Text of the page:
From technology companies to retail stores to manufacturing plants, every business is wrestling with how to keep their employees and customers safe as the global community continues to grapple with the health risks of COVID-19.
Recently, Workday leaders discussed the complex issues that surround reopening business locations. They didn’t have a playbook to respond to a global pandemic, but the executive team leaned on the company’s core values and an approach with four key principles to guide decision making. Employees were at the center of the response. “Our view is if we take care of our employees, they will take care of our customers. That's been central to our philosophy,” said Inna Landman, senior vice president, talent acquisition, operations and insight. Greg Pryor, senior vice president, people and performance evangelist, joined her in conversation.
A COVID-19 Response Strategy Centered Around Core Values
Workday’s approach was, and continues to be, focused on four key principles, with health and safety being table stakes. According to Landman, the key tenets are:
Lag, don’t lead. Culturally, we are more used to blazing trails than following sign posts, but in this instance we realized that our employees were living the agility and adaptability that we try to engineer into our products. Our surveys revealed that 80 to 85 percent of our teams continue to be productive at home, so we can take a cautious “wait and see” approach.
Empower local decision making. “When we have local decision makers in each country, in each state, in each office, the decisions are faster,” she said, “and they’re the right decisions.”
Be flexible. “We want to be able to adapt and change based on all the elements that may come into play,” Landman said.
Be transparent and embrace open communication. Workday doesn’t have all the answers, she acknowledged, but leaders are providing them whenever they can. “We’re focused on what we can do to enable us to respond swiftly, recover mindfully, and emerge even stronger when we do come back together.”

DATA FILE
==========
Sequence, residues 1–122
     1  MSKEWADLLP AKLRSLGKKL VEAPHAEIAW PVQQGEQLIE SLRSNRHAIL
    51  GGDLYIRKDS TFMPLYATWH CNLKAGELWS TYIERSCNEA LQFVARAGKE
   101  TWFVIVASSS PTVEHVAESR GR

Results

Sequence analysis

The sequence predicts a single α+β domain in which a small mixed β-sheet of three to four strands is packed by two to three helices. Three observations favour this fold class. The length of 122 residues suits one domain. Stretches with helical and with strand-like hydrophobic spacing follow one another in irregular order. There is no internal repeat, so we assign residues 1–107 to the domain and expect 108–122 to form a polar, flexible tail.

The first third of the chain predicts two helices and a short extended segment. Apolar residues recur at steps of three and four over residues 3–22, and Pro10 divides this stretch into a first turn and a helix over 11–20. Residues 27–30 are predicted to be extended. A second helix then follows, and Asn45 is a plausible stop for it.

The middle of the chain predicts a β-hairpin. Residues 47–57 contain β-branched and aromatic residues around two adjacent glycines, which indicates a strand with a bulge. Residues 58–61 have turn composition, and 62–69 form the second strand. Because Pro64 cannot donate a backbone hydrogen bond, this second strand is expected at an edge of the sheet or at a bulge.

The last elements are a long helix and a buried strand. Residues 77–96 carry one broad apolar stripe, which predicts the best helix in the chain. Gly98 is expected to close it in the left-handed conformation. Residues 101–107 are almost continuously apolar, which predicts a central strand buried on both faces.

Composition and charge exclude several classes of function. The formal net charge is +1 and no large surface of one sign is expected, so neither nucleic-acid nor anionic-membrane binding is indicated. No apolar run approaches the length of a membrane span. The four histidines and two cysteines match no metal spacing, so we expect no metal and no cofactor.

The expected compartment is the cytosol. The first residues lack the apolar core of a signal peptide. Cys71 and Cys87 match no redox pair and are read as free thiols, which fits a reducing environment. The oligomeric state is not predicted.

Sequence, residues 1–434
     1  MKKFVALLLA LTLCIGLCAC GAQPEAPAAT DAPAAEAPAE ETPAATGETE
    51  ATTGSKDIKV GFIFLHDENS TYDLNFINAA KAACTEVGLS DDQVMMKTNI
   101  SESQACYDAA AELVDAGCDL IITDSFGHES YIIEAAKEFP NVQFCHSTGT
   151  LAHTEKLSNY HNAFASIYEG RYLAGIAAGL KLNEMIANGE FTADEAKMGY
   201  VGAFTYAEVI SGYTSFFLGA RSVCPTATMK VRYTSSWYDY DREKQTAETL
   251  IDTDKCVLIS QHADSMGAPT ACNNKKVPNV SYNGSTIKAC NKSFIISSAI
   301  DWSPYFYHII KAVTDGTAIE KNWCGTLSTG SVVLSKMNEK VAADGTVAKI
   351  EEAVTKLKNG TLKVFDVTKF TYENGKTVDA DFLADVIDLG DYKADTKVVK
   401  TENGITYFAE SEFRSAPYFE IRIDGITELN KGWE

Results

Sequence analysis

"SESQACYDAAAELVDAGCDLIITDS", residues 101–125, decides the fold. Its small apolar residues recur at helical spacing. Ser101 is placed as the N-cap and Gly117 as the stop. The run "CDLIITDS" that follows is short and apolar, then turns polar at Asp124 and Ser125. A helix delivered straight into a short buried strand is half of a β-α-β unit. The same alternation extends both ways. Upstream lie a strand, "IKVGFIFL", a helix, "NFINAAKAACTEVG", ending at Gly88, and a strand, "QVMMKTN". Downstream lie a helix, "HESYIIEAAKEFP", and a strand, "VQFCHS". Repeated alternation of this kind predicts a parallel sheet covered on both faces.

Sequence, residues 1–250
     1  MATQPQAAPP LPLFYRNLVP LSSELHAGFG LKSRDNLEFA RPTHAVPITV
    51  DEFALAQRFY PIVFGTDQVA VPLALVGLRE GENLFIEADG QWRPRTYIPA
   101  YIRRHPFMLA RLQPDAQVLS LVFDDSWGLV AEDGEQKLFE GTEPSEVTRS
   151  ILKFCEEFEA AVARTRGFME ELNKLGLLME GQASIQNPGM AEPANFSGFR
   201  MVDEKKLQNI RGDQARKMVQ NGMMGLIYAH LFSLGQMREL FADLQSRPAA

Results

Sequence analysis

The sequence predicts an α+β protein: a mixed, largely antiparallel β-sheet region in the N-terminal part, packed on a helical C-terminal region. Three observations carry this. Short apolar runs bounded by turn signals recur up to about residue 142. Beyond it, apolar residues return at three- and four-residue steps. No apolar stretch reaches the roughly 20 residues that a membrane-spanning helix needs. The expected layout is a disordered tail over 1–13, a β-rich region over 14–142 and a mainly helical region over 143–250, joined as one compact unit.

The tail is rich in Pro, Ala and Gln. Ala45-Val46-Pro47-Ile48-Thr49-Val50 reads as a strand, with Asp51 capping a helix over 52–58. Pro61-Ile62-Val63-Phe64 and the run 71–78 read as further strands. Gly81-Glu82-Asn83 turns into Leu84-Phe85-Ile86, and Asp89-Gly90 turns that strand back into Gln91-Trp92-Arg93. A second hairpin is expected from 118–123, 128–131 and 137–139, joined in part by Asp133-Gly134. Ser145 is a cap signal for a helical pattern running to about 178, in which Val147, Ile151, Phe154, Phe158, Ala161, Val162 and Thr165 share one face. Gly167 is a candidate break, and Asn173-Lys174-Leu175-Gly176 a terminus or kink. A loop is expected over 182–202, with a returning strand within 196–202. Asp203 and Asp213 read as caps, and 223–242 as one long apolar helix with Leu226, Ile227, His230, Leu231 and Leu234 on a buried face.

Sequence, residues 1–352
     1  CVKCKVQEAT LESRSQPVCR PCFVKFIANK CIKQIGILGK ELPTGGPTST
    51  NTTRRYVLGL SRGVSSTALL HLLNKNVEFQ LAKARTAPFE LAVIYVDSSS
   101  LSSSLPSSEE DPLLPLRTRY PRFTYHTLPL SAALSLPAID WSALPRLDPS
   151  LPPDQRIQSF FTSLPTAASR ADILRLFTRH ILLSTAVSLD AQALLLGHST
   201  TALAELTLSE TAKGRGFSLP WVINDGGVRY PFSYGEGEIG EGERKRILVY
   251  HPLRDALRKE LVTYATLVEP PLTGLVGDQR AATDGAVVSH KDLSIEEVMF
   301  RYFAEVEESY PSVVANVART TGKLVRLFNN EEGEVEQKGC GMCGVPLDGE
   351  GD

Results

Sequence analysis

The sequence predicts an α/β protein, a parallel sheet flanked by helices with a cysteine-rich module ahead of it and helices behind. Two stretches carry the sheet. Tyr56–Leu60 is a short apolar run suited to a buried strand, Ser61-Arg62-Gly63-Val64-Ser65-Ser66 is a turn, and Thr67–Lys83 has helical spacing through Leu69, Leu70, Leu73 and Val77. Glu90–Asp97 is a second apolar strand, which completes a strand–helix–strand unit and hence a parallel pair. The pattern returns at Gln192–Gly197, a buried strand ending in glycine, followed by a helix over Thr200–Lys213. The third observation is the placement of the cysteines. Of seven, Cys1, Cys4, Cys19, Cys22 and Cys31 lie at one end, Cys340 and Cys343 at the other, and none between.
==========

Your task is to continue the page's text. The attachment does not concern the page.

Keeping a Pulse on Employee Sentiment
Open communication is a two-way street, Pryor pointed out. Just as the leadership team is regularly sharing information with employees, they’re also frequently soliciting feedback from Workmates, leveraging Workday survey technology to listen.
“Absolutely central to the work we're doing is having the insights around how our employees are feeling and making sure we understand that,” said Pryor. Workday adapted its Feedback Friday initiative, which was already a weekly tool in place to measure employee sentiment, after the fast shift to a fully remote workforce. Survey questions in March focused on employee well-being and productivity, and how Workday could better support Workmates.
Within Workday, said Pryor, “we store the data in Workday Prism Analytics. That allows us to look over time, across offices, and across functions. Through Workday, our senior leaders have real-time access to see how their teams are feeling, to respond quickly, and to point out the opportunities for improvement.”
Evaluating Workplace Readiness and Planning for Returning to the Workplace
Understanding employee sentiment is just one part of the equation. In addition, said Landman, Workday is examining community risk factors, such as infection rates, hospitalization rates, and shelter-in-place orders, along with workplace readiness questions, such as having enough personal protective equipment and sanitizing products. The local decision making teams are also weighing the situation with schools, daycare, and public transportation.
Then, the local decision makers look at city dashboards—created using Workday Prism Analytics—to visualize the readiness of that location, coupled with general employee sentiment data. “We need to have both sets of data,” explained Landman. “We won't spend a lot of time readying a location if we don't have a large number of people opting in to return.”
While Workday announced on July 10 that its U.S. office locations are closed for the rest of 2020, some office locations in other parts of the world are reopening. Once a site is ready to open, with employees who want to return, employees will have to opt in to come to the office. There’s a parallel process in place, said Landman, with managers and leaders to understand who they would like to prioritize based on the nature of work. “Then we can compare the employee opt-in process and the manager nomination process, and use those factors to determine who will be the first to return to the office.”
To juggle all those pieces, Workday uses Workday Adaptive Planning. “We’re putting these factors into Adaptive Planning to compare all these elements and develop robust scenario plans,” said Landman. “The beauty of scenario planning is that we can change these factors on a dime. We've done hundreds of variations of these based on the early nature of what we thought was happening, and we've had to pivot quickly.”
When it comes to safely returning to the workplace, preferences are going to change, and the virus is going to change. But, said Landman, “it's all about flexibility.”